Wadleigh was impressed by what Ringhoffer showed him, suggested to Park Service director Stephen T. Mather that the area be made a national monument; the following year, additional support for the monument idea came from Laurence Gould, a University of Michigan graduate student studying the geology of the nearby La Sal Mountains, shown the scenic area by local physician Dr

List of U.S. Supreme Court justices who also served in the U.S. Congress

Following is a list of United States Supreme Court Justices who served in Congress. Since the United States Supreme Court was established in 1789, 114 persons have served on the Court. Of these, several served in the U. S. Congress, either before or after their tenure as a justice. Six were incumbent members of the United States Senate at the time of their appointment, while one—James Moore Wayne—was an incumbent member of the House of Representatives; the others had served in the Senate or the House or both. Additionally, one justice—David Davis—resigned from the Supreme Court to serve in the Senate. There have been 14 U. S. Supreme Court justices with prior service in the Senate, one with subsequent Senate service. There have been 17 U. S. Supreme Court justices with prior service in the House. List of people who have served in all three branches of the United States federal government

Pilkington Library

The Pilkington Library is the academic library at Loughborough University, situated in the West Park of the university campus at Loughborough, Leicestershire, in the East Midlands of England. It is named after Lord Pilkington. Built to an unusual design on an unusual site in the West Park area of the campus, the library building is adjacent to Village Park; as it is adjacent to the University's more recent Elvyn Richards halls, its Combined Heat and Power plant can be used to cool the library building with otherwise wasted heat. The Pilkington Library opened in 1980 as the main library to the Loughborough University of Technology. At a date this building was closed when the library stock was re-located to the Pilkington Library; the building unusually has the floor with the smallest area at the base of the structure, followed by another larger, these first two floors being known as Level 1 and Level 2 and holding book stock, Level 3 is larger again and contains the entrance, accessed via a link bridge, a café, limited book and periodical stock, a number of administrative offices and Open3 an informal study area.

Level 4 contains the Department of Information Science. The three Library floors amount to 7,777 square metres. For a library designed and built at a time of major change to the criteria used by the University Grants Committee the new library was not affected by the Atkinson Report which set out the UGC's new expectations in terms of size and flexibility; the Librarian, Professor Tony Evans, wrote in an article in the International Association of Technological University Libraries Proceedings that Atkinson's restrictions on collection size were not a problem in an institution with a small book stock and the only difficulties encountered with the UGC arose from the proposal to house the Library School on top of the library building, which were overcome. As a result of a story published in Label Magazine as an April fool there is an ongoing urban myth that the Library building is sinking due to the weight of the books contained within it not having been taken into account at the design stage, although no such errors or movement have occurred.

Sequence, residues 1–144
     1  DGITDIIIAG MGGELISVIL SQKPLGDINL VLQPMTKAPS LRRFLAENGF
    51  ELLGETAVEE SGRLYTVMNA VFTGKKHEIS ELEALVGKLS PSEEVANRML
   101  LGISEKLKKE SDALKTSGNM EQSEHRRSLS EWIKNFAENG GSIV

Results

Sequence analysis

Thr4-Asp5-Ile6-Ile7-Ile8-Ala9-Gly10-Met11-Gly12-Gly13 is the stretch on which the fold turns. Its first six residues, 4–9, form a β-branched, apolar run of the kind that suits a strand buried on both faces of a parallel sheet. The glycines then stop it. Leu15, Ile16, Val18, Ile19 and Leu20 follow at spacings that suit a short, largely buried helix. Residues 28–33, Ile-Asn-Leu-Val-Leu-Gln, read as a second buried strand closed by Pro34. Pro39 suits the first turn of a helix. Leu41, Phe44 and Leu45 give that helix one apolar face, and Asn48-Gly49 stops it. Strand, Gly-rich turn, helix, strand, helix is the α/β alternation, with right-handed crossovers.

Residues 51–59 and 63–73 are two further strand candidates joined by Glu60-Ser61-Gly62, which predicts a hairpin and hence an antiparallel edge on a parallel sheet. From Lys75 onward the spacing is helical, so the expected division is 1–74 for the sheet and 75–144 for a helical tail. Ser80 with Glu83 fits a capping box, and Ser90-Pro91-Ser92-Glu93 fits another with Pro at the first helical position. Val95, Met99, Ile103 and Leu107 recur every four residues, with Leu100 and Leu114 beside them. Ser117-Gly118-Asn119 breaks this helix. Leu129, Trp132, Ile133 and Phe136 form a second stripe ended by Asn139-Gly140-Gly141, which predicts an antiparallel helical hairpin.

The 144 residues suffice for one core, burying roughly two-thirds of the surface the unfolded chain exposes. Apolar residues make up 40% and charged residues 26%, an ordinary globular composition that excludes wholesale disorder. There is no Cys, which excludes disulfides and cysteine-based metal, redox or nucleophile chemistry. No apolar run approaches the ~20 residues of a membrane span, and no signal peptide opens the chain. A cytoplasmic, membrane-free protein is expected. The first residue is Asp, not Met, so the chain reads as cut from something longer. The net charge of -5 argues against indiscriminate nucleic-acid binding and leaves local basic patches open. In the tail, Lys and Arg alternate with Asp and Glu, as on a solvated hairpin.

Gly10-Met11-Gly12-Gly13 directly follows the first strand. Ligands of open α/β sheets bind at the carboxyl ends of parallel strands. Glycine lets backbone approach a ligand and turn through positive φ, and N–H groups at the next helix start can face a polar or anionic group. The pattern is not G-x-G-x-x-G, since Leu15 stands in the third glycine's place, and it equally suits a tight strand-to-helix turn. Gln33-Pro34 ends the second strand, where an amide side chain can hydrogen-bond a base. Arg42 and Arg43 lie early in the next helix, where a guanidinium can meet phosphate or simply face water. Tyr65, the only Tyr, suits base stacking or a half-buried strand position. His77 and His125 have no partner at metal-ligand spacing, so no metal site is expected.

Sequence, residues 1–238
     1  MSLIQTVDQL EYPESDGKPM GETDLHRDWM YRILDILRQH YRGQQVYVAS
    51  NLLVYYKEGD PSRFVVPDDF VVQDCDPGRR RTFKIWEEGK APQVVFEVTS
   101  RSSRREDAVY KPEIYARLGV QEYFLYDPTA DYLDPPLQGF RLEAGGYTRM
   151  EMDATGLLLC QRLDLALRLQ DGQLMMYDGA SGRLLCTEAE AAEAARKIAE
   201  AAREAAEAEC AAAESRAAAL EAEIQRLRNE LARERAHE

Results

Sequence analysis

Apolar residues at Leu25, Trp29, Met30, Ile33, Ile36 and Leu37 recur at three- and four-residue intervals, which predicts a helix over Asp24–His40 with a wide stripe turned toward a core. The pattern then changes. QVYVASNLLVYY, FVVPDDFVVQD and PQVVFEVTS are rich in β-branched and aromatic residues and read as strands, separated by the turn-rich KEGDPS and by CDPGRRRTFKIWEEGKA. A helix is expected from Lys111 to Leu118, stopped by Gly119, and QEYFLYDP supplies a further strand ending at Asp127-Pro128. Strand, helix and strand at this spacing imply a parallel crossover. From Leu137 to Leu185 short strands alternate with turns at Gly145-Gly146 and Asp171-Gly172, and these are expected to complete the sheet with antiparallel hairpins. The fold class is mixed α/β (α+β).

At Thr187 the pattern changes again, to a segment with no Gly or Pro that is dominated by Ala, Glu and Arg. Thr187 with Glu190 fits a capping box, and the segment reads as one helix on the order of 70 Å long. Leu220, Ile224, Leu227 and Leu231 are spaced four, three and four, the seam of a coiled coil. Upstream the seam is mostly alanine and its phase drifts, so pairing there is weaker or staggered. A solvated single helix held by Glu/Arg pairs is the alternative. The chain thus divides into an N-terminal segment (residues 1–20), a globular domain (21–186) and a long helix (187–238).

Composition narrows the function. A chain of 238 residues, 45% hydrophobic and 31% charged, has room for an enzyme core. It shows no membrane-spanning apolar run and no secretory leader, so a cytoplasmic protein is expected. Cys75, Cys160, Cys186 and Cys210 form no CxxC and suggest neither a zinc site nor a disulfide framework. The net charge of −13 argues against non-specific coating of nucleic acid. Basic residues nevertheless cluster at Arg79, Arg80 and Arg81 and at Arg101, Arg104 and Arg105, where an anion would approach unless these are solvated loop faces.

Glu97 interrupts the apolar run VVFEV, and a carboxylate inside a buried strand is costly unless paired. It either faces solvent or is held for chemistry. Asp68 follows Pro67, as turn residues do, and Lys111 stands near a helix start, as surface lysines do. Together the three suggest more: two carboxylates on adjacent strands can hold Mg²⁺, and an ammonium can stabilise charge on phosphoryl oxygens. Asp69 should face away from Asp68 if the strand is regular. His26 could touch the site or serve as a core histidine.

The library has over 600,000 books and 90,000 journals housed on Levels 1 and 2 of the building, which are organised such that the elements of the collection relevant to the University's science and technology students, 500-699 in the Dewey Decimal Classification system, are housed together on Level 1 and the remaining stock arts, social science and computing are on Level 2. The David Lewis collection is named after Dr David Lewis, Cataloguing Manager in the Library from 1966 to 2004, formed and managed the collection from items acquired by the University and its predecessors since around 1930. Made up of around 3000 books and journals the collection holds items considered in need of secure storage as a result of their age, scarcity, physical condition or other factors. Level 1 of the Library house the University Archives which hold written and other material relating to the university and its predecessor colleges including official minutes, administrative papers, student enrollment records and other publications.

There is a fine series of engineering drawings and photographs dating from the First World War when Loughborough Technical Institute was an Instructional Factory for the Ministry of Munitions. Among material donated by former staff and students, principal collections include those of Norman Swindin, chemical engineer and Honorary Reader in Chemical Engineering. University Library website Pilkington Library on Facebook